We bibliophiles tend to be very critical of literary adaptations. We sniff and we sigh and we feel the need to say "But the book is better!" To be fair most books are. But that being said there are some truly fantastic adaptations out there! I love to watch adaptations whether they're miniseries or films or plays/musicals. To me it's fascinating to see a story I love being told in a different medium. I love period drama adaptations and I love modern-day updates. I think that with any adaptation it's important to bear in mind that it's never going to please every single fan of the book. People often talk about "definitive adaptations" but I'm really not convinced that they exist. All an adaptation can ever manage to do is to reflect the personal vision of its director. There are some adaptations out there that I know a lot of people love and which I can't stand, and equally I've read vehement criticisms of adaptations that I absolutely love. Below are just 10 of my favourite adaptations. I'm not going to write detailed reviews for them. For some of them I've done that already on this blog and for others I have yet to do that. But know this, I recommend them all highly :)

Les Miserables (Both the stage musical and the 2012 film)

The Lord of the Rings (2002-04)

The Princess Bride (1987)

Little Women (1994)

Sense and Sensibility (1995)

The Lizzie Bennet Diaries (2012-13)

Emma (2009)

North and South (2004)

Sherlock (2010-)

The Prestige (2006). A rare example of an adaptation being better than the book it's based on.

*Two posts in one day? You can tell I'm bored :D *

Saturday, 9 August 2014

My Favourite Song From 2014 (So Far)

Well, since I'm currently bored and I've been playing this song pretty much non stop then why not make a post about it? It's OneRepublic's "Love Runs Out" and I love it! Ryan Tedder's voice is great on it. It's a killer dance tune. And even the video is awesome! I love how colourful and arty it is. I just really love this song okay! :)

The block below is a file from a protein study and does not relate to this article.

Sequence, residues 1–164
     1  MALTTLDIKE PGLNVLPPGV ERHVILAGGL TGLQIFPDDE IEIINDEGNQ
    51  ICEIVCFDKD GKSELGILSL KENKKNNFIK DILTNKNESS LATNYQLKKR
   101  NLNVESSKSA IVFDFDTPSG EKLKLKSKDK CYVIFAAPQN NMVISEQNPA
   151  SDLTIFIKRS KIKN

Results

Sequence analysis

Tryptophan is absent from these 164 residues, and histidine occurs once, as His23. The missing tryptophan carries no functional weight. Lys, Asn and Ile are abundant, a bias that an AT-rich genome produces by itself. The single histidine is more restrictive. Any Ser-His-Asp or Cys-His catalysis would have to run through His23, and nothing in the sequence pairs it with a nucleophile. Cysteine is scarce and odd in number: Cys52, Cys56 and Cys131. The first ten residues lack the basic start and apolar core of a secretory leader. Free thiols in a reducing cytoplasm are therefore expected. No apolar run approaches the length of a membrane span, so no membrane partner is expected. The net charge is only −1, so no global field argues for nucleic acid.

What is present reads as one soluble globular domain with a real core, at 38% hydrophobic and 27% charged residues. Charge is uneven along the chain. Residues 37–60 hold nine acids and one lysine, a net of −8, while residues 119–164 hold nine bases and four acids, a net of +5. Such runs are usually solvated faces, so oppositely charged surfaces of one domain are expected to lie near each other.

Thursday, 7 August 2014

'Heart's Blood' by Juliet Marillier (2009)

Synopsis: Heart's Blood is based on the Beauty and the Beast fairytale and is set in medieval Ireland. A beautiful 18 year old girl called Caitrin finds herself in a isolated, mist-shrouded village called Whistling Tor after fleeing from her abusive relatives. Caitrin quickly discovers that Whistling Tor is a very unusual place. The village innkeeper and his wife inform her that there are evil "presences" in the surrounding woods and that there is a terrible curse on their chieftain. Their chieftain Anluan is a crippled recluse who lives in an imposing, mysterious fortress on the top of a hill. All of the villagers hold Anluan in contempt because they don't feel he's doing enough to protect them from the threat of the invading Normans. Caitrin needs money and a place where she can be sure that her relatives won't find her so when she hears that Anluan is in need of a scribe she quickly offers herself for the position. Caitrin's eccentric father saw no reason not to educate his daughter so he taught her to read and write in both Latin and Irish. As Caitrin gets to know Anluan she realises that there's much more to this man than there first seems. As the weeks pass, she begins to fall in love with him and becomes determined to break the curse and set him free.


Heart's Blood is the third Beauty and the Beast retelling that I've read and is the loosest take on the story that I've yet come across. Whereas the two Robin McKinley books that I've read followed the original fairytale fairly closely, this particular book only keeps in the story's key token elements. I found out about Heart's Blood on an online list of recommended fairytale retellings and I thought it sounded really interesting. Beauty and the Beast is my favourite fairytale and, as I'm going on a short break to Ireland at the end of this month, I was very much in the mood for a story with an Irish setting. The reviews for this book were really positive too. But mine won't be. Heart's Blood does start off extremely promisingly, the overall premise of the story is really good, and there are some spooky and atmospheric descriptions - but I still found it rather boring and predictable. The pacing often drags and I skim-read it towards the end. Caitrin is clearly supposed to be an intelligent and observant heroine but it's screamingly obvious who the villain behind the curse is from the moment the character shows up! Caitrin just seemed incredibly dense for not being able to work it out and it robbed the book of any suspense. I couldn't bring myself to care about Caitrin and Anluan's characters and their romance because they didn't even talk to each other all that much and I felt no chemistry between them. And finally the big themes of this book are HOPE and BELIEVING IN YOURSELF. Obviously these are good messages but they were laid on very thick and it got tiresome. I feel that this book could have been brilliant in the hands of a different author but ultimately I found it very disappointing.

Rating: 2/5

Saturday, 2 August 2014

'Prince Rupert: The Last Cavalier' by Charles Spencer (2007)